If one or both partners in a couple are overweight they are likely to have difficulty conceiving, a study published in the journal Human Reproduction has found.
The research, conducted in Denmark, surveyed 47,835 couples between 1996 and 2002 and found that obese couples were almost three times more likely to have trouble conceiving than couples of a normal weight, according to World Health Organisation standards. If one or both of the couple was overweight (rather than obese), the study found that it was likely to take them 1.4 times longer to get pregnant. Sub-fertility is defined as having to try for longer than 12 months to become pregnant.
Cecilia Ramlau-Hansen, of Aarhus University Hospital in Denmark and University of California Los Angeles, who led the study, advised couples who were overweight and having difficulty conceiving to try and lose some weight as the findings indicated a causal link between body mass index (BMI) and fertility. She stated that, 'Our results indicate that being overweight and obesity is a cause of sub-fertility, but from this study we cannot say that for sure', and allowed that there may be other underlying causal factors. However, earlier research has indicated that weight can affect fertility in both men and women. Ramlau-Hansen said: 'Since it is quite common to have couples where both partners are overweight or obese, it is important to have risk estimates for couples rather than individuals'.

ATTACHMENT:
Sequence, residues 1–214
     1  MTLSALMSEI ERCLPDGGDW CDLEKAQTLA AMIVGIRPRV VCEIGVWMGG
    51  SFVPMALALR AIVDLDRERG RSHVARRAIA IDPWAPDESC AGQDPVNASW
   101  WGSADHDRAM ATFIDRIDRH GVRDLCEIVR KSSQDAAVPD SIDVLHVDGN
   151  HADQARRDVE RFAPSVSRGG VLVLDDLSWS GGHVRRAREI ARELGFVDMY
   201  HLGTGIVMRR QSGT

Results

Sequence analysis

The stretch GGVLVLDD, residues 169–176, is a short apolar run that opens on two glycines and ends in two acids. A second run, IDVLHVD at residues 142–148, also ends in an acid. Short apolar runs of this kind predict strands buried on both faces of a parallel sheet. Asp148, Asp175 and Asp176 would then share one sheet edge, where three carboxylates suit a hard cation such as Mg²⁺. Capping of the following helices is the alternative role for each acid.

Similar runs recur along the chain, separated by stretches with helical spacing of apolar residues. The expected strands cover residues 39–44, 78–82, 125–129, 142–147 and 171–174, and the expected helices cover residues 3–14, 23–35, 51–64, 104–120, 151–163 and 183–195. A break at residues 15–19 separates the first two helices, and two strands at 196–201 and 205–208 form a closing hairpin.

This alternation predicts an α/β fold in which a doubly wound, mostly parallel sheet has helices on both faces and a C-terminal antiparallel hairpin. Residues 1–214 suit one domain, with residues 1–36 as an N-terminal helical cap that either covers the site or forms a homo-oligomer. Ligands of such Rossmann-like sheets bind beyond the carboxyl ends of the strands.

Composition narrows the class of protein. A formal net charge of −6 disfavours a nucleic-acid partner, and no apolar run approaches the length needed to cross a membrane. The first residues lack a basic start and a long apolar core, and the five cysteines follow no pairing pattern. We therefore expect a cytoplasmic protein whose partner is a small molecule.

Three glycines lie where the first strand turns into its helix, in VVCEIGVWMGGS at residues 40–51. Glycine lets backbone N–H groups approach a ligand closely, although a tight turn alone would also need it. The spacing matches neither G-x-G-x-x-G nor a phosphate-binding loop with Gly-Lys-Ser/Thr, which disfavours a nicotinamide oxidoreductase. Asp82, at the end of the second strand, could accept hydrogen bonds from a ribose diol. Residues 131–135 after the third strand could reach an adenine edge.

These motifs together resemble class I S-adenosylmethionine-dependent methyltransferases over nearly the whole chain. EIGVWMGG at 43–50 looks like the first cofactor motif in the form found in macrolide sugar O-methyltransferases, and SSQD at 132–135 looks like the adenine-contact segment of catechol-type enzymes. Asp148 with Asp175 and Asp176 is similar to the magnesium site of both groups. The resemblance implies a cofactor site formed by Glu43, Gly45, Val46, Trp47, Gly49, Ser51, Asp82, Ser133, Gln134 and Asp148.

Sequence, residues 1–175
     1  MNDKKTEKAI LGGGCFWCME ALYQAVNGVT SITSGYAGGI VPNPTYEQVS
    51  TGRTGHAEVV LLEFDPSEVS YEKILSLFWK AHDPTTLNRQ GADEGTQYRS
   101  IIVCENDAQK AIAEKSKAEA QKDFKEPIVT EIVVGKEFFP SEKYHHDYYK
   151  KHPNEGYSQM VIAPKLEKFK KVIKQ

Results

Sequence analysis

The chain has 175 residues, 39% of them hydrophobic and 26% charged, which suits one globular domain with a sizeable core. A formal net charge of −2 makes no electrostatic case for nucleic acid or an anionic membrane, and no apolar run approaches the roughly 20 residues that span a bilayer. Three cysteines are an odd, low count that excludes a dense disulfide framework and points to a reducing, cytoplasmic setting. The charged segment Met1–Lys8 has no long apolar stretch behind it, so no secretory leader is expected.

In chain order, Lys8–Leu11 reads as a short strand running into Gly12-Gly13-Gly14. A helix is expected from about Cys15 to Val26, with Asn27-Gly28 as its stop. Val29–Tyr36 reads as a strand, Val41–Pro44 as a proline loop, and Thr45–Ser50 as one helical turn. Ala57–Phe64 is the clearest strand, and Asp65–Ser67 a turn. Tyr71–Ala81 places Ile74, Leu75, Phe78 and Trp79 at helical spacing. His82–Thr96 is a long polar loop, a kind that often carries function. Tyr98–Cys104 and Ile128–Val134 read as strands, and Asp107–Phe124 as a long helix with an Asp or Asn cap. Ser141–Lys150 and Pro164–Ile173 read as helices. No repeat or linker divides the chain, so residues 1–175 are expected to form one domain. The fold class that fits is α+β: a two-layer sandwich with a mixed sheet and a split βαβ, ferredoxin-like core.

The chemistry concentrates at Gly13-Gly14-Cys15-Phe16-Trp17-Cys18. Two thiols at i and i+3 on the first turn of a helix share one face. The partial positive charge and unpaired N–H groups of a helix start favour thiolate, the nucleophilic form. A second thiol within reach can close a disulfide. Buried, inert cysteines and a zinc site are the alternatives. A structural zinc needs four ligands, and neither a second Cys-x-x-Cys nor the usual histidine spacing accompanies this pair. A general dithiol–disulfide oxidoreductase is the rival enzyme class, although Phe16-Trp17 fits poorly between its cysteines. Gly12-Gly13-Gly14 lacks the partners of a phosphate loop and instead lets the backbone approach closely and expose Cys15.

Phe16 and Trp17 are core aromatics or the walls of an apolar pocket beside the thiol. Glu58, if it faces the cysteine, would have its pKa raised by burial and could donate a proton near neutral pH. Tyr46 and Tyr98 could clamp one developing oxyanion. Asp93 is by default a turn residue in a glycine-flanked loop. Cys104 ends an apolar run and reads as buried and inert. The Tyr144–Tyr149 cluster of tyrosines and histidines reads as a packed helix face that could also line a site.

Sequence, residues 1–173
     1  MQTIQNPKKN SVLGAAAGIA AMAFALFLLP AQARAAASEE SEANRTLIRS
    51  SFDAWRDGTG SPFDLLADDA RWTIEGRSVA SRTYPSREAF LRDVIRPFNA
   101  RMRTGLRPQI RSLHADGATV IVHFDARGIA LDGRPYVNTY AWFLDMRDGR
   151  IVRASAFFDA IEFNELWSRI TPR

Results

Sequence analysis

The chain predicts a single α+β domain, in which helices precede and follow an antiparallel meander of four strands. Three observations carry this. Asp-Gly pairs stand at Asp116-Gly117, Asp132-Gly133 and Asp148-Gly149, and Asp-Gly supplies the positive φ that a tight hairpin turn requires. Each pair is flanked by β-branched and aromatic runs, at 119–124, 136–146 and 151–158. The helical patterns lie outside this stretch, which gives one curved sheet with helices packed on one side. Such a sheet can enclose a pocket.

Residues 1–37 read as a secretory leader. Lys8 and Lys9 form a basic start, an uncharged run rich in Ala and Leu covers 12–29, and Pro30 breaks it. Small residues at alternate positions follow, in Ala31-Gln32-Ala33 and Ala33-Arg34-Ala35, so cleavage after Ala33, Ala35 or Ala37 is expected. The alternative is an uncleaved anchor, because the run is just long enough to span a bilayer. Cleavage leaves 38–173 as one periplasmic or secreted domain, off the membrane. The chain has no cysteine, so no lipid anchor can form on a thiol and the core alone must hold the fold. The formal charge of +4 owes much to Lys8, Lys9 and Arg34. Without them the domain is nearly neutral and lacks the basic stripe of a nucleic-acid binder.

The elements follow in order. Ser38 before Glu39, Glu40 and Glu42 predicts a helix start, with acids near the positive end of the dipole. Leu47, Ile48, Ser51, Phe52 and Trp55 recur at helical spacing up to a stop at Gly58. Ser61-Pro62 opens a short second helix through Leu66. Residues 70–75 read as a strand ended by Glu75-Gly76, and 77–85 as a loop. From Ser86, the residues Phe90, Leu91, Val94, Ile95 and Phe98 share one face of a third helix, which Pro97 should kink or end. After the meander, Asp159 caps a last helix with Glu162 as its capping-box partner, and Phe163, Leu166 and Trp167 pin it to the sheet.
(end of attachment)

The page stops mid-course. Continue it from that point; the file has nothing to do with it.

The scientists found on average that every kilogram of weight added an extra 2.84 days to the length of time taken to conceive, where the woman's BMI was 18.5 or more. The research did not look at whether obese couples had sex less frequently than normal weight pairs, or whether sterility occurred more frequently in obese or overweight couples.